This post has been updated.
In a major disappointment to those hoping Congress will strike a grand bargain to cut deficits through spending cuts and tax revenues, a budget proposal designed around those principles was supported by only 38 House members Wednesday night.
Proposed by Republican Steven C. LaTourette of Ohio and Democrat Jim Cooper of Tennessee, the plan called for reducing the deficit by $4 trillion over the next decade, including more than $1 trillion in new tax dollars.
The House also Wednesday night rejected 0-414, a budget based on a plan proposed by President Obama. Republicans forced the action to highlight that Democrats declined to introduce Obama’s budget for congressional consideration. Democrats said the Republican offering did not accurately represent Obama’s plan.
The LaTourette-Cooper budget was modeled on an approach suggested 15 months ago by a presidential fiscal commission chaired by former senator Alan Simpson (R-Wyo.) and White House official Erskine Bowles. Wednesday’s vote was the first time either chamber had voted on their ideas.
The votes came as the House considers six alternatives to a Republican spending plan authored by Budget Committee Chairman Paul Ryan (R-Wisc.). The sponsors of the Simpson-Bowles proposal had no illusion that their plan would be adopted instead.
Sponsors of the bipartisan budget had hoped a strong vote of support could signal a new bipartisan desire to tackle deficits. Instead, the vote might symbolize Washington’s intractable partisan differences. Only 16 Republicans and 22 Democrats backed the idea.
Ryan’s plan, which would cut $5.3 trillion over the next decade through deep cuts to the social safety net while slashing tax rates, is expected to win approval Thursday in a party-line vote.
The House will also vote Thursday on a Democratic alternative authored by the committee’s top Democrat, Rep. Chris Van Hollen (Md.), as well as a plan advanced by conservatives on the Republican Study Committee, which would cut spending even more quickly than Ryan has proposed. On Wednesday night, the House rejected a separate proposal from the Congressional Black Caucus.
The Democratic-led Senate will not adopt the Ryan plan and the budgets are non-binding. But the dueling plans allow the parties to lay out key statements on governing during this election year.
The budget modeled on the Simpson-Bowles plan was the only bipartisan proposal under consideration and there was considerable mystery about how it would fare.
While fully expecting defeat, its sponsors had hoped for a respectable count, a moral victory to show a sizable part of the House is ready to consider a deficit plan that includes cuts and revenue.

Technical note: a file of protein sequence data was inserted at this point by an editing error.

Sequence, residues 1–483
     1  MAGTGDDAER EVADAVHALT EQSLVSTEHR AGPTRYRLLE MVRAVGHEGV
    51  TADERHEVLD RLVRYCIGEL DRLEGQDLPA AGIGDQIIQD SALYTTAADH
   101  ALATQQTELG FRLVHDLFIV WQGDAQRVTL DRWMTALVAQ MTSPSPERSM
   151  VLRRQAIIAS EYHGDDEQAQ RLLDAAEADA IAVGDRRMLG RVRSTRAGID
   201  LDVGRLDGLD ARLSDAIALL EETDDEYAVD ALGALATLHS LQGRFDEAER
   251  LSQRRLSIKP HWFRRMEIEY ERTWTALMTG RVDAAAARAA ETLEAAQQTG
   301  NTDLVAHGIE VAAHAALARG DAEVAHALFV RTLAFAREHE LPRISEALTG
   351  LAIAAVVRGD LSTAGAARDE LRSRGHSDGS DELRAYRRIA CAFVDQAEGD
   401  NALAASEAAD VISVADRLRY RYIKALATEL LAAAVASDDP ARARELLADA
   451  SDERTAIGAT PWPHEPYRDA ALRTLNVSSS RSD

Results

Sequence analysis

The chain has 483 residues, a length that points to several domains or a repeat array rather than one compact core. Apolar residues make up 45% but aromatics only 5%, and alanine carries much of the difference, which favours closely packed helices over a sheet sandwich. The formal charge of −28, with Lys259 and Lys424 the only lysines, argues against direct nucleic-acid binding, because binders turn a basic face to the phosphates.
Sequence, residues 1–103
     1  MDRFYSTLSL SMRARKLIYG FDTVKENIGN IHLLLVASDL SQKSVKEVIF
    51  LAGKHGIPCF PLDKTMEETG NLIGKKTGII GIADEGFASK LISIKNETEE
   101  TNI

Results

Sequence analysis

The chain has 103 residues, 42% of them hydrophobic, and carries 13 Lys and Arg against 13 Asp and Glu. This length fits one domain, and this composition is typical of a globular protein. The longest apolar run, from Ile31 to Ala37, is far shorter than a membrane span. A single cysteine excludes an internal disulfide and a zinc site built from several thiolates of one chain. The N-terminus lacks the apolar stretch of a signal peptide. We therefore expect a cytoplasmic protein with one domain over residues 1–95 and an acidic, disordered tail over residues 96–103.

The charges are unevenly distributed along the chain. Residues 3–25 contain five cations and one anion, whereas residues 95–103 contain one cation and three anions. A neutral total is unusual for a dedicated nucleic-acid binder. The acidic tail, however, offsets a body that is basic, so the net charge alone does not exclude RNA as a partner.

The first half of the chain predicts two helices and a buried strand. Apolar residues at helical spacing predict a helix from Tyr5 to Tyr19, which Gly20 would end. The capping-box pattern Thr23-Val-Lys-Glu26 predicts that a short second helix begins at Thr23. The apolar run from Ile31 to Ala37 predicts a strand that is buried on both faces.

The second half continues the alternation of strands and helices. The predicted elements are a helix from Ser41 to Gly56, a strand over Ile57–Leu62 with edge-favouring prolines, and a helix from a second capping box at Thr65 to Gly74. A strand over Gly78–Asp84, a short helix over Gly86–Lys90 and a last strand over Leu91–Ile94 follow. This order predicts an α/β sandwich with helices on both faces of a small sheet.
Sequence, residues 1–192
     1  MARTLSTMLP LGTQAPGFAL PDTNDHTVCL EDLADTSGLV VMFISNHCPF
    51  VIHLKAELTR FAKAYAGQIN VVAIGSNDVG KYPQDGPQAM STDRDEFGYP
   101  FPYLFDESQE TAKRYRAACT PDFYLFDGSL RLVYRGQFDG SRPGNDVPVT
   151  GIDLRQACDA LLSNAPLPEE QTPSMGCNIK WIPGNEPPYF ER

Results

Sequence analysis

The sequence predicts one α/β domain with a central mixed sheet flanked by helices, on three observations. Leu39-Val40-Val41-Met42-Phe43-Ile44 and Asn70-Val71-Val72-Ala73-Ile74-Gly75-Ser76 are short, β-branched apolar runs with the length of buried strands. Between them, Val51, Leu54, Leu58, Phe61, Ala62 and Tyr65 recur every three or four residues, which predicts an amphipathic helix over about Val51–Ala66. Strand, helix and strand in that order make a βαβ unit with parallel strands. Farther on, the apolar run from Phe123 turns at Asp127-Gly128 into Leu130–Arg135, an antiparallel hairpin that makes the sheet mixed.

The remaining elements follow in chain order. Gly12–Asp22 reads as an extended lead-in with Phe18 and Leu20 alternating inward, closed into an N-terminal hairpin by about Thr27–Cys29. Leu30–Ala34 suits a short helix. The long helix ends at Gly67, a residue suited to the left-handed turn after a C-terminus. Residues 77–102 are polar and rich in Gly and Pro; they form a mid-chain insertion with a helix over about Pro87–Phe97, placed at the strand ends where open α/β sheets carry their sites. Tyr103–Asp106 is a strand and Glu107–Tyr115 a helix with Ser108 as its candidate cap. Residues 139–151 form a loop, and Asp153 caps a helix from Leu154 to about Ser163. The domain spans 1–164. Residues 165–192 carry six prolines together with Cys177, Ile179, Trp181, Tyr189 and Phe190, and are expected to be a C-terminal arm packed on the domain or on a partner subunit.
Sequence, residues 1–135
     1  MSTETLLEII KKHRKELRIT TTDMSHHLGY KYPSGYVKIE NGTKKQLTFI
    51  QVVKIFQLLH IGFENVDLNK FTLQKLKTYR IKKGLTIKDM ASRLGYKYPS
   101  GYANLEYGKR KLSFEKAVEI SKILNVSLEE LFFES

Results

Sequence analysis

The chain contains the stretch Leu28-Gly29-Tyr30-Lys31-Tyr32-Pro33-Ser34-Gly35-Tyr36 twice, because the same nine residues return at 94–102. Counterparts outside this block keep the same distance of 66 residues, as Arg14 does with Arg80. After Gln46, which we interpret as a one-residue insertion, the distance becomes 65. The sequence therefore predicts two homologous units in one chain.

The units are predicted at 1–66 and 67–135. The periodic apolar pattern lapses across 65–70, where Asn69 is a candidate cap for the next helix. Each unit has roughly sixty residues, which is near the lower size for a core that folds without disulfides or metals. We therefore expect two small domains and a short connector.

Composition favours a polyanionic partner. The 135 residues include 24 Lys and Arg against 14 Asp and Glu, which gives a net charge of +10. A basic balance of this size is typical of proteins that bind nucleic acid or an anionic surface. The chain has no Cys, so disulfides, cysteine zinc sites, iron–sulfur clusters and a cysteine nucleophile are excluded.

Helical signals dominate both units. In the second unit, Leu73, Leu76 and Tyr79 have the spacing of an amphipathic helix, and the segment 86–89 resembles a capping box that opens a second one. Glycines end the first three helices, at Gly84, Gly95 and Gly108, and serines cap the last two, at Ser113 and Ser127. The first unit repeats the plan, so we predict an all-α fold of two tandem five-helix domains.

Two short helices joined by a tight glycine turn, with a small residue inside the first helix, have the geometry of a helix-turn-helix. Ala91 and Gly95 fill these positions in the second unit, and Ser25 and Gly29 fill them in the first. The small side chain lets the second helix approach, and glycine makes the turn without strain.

They had hoped for at least 100 votes of support, matching the number of members who signed a letter in the fall urging the failed congressional deficit reduction supercommittee to adopt a balanced approach to the debt.
They had been hoping to build support in preparation for a post-election showdown and for a possible bipartisan deal when the Bush tax cuts expire and deep automatic spending cuts occur Jan. 1.
“This is just the beginning of a process,” Cooper said.
Though it was widely praised, neither the president nor congressional leaders in either party embraced the Simpson-Bowles plan outright and House leaders in both parties greeted Wednesday night’s vote warily.
The budget called for reducing deficits by $3 trillion over the next decade, with $2 trillion coming from new spending cuts and $1.2 trillion from higher tax revenues.
Revenue dollars would come through a rewrite of the tax code intended to sweep out loopholes and subsidies and ultimately lower rates. The Republican budget also calls for ending loopholes but would put all the revenue generated into lowering rates — proposing to bring the top individual and corporate rates down to 25 percent.
The plan had faced vigorous opposition from left and right. Grover Norquist’s Americans for Tax Reform opposed the plan for its tax hikes, and indicated the group would consider a vote in a support a violation of a pledge signed by more than 230 House Republicans promising not to raise taxes.
Meanwhile, the left-leaning Center for Economic Policy put out a deeply skeptical analysis of the proposal as well, noting that it called for deeper spending cuts and less new tax revenue than had been endorsed by Simpson and Bowles.
But the effort was endorsed by Simpson and Bowles, as did former senator Pete Dominici (R-N.M.) and Alice Rivlin, who chaired a separate effort by the Bipartisan Policy Center to devise a broad strategy to reduce the deficit.
“The courage of the members who are supporting the Cooper-LaTourette budget shows that a vital middle can exist in Congress, despite the deeply polarized ideological atmosphere of the recent past,” they said in a statement.